Social Work Students Embark on Second ‘Ghana Summer’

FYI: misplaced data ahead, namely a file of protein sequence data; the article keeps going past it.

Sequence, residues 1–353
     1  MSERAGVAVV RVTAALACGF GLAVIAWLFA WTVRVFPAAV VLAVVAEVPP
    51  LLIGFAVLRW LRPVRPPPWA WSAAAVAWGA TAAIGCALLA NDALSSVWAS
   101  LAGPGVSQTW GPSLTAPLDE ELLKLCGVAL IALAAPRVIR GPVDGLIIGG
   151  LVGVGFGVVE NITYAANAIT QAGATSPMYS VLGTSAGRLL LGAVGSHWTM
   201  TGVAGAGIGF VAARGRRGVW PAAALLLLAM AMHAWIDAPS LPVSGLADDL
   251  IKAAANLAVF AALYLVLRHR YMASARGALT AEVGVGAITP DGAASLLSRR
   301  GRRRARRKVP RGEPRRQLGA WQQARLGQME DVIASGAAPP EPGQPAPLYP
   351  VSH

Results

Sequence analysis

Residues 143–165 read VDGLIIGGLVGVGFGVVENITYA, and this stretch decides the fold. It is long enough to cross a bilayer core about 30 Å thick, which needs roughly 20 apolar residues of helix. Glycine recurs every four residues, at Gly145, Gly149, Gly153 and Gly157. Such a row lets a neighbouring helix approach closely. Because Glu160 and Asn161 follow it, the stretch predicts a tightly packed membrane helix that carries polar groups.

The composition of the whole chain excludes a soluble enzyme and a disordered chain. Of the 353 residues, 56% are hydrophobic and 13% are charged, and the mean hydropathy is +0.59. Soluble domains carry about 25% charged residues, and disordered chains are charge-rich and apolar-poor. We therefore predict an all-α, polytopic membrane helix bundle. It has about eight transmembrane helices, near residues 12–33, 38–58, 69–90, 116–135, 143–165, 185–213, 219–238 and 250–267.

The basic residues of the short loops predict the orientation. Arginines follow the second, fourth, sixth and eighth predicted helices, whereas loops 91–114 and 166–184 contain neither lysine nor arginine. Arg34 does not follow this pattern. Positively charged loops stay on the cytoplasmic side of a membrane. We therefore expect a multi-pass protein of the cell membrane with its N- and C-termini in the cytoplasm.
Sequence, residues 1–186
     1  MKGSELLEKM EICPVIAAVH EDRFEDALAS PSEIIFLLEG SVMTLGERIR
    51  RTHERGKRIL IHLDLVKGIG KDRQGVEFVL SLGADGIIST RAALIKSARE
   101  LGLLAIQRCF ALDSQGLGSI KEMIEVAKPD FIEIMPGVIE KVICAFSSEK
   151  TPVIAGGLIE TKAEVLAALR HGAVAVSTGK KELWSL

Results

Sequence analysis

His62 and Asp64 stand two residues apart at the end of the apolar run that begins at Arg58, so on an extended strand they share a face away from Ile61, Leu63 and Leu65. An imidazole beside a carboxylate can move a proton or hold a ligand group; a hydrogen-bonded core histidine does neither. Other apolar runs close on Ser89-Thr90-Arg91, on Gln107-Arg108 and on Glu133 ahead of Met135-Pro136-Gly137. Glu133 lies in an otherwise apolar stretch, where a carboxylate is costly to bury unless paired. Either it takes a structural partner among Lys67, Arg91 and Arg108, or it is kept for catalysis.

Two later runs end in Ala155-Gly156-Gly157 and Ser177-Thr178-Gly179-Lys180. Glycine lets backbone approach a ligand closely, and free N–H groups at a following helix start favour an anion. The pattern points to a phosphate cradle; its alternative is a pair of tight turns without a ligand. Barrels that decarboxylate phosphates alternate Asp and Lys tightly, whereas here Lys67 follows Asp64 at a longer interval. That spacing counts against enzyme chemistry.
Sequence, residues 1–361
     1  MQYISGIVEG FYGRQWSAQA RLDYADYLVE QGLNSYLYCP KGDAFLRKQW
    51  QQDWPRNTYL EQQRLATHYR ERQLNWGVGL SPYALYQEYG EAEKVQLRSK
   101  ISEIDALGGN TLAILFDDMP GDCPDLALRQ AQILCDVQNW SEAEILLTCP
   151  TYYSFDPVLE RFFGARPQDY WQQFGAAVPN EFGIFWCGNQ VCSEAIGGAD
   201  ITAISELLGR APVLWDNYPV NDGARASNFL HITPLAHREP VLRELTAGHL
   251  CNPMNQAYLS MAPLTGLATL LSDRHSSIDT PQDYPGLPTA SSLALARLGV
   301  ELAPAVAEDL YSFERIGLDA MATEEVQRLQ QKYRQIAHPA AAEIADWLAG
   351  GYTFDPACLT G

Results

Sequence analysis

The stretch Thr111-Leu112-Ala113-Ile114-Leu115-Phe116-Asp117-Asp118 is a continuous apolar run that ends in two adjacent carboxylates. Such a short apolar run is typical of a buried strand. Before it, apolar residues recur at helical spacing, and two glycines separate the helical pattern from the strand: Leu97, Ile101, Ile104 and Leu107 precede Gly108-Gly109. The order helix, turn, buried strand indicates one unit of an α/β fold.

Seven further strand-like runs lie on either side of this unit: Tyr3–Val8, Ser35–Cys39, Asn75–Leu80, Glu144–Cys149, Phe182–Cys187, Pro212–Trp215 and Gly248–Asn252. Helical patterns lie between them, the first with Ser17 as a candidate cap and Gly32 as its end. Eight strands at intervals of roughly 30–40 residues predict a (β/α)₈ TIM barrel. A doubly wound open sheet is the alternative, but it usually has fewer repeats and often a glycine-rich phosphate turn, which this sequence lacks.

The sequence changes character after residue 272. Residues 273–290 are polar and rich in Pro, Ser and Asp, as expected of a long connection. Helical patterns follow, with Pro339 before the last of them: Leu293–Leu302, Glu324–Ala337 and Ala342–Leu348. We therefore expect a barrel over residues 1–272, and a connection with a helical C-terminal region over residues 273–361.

LEXINGTON, Ky. (June 11, 2012) — While many students are enjoying a relaxing summer vacation, a group of undergraduate and graduate students from the University of Kentucky College of Social Work have decided to forgo the road trip or the beach chair and travel to the sun-baked West African nation of Ghana. There they will spend six weeks, from June 17 to July 27, in and around the capital city of Accra, working with government agencies and nongovernmental organizations to provide much-needed services for and on behalf of children who have been removed from abusive or neglectful home situations. In exchange for their service, the students will earn practicum credits required for graduation. During their time in Ghana, the UK students will stay in shared-housing dormitories with other students from Ghana and other African nations. “It is a tremendous experience for our students,” says Marie-Antoinette Sossou, the professor of social work who is accompanying the students on their journey. “They learn so much more in six weeks of field work than they could ever learn in the classroom alone. In Ghana they will get to practice their skills as social workers while helping to improve the lives of children who have very few resources.” In the past two decades, Ghana has emerged from being one of the world’s poorest nations to a beacon of hope and a model for sub-Saharan Africa. A growing economy and thriving democracy have fostered rapid development and modernization there. This transformation has not been accomplished without significant growing pains, however, and Ghana’s struggles are far from over. Compared to developed Western nations, Ghana is still economically very poor. The average worker’s salary is around $600 per year. “All students can benefit from traveling to another country and interacting with people from a different culture, who may not have had the same advantages as they did in their home countries,” Sossou said. “For social work students, this experience will demonstrate to them the truly global, international importance of social work as a profession. This trip can help students to overcome preconceived notions and gain a deeper understanding of what it means to be part of a worldwide community.” This summer will mark the second time that Sossou has made the trip to Ghana with UK students. Social work student Corey Kirby, who went to Ghana last summer, says she was motivated by an interest in international social work and a desire to one day work full time to bring sustainable housing and adequate resources to hard-to-reach areas of developing nations. “I am always working to further my knowledge of other countries and their cultures in order to grow myself and learn about my own morals and beliefs,” Kirby said. “It is my opinion that one cannot expect to change the world without first changing themselves.” Fellow student Chris Catron, who was also part of last summer’s trip, says she was just looking for an opportunity to travel and to serve. “The College of Social Work had this trip set up as an opportunity to both study abroad and earn practicum credit,” Catron said. “I had never been anywhere outside the United States before, and Ghana seemed to have an especially rich and interesting culture, so I signed up a bit spontaneously.” Both Kirby and Catron said they encountered a few surprises along the way. Kirby says what surprised her most was the relative unavailability of social services in Ghana, in spite of other recent advances in the country. “While the laws and public policies have been signed and instated, many of these policies are not followed,” Kirby said. “Some of this is due to the lack of resources but much is due to the lack of supervision. Professional social workers in Ghana are few and far between.” Catron says she was taken back by the optimism and gratitude of the people there, despite the fact that many of them live in poverty. “Most the children I met took every opportunity to laugh, to dance, to sing,” Catron said. “It speaks to the strength of the human spirit that in the face of adversity, many people chose to celebrate life and practice gratitude.” Kirby said the experience is one that she will take with her and build upon throughout her educational and professional career. “I learned more just by making friends and speaking to Ghanaians than I ever could have in a class about needs of developing nations,” Kirby said. “I learned that needs of struggling nations are highly individualized and cannot be classified as ‘needs of all developing nations.’ While in Ghana, for example, I listened to Ghanaian music, dressed in Ghanaian clothes, ate the food they ate, tried to learn the language, and even did a little traditional dancing. Total immersion into a culture is the greatest learning experience one could ever have.” Catron wrote extensively about her experiences on her personal blog, “My Summer in Ghana,” which can be found at   MEDIA CONTACT: Keith Hautala, (859) 323-2396;

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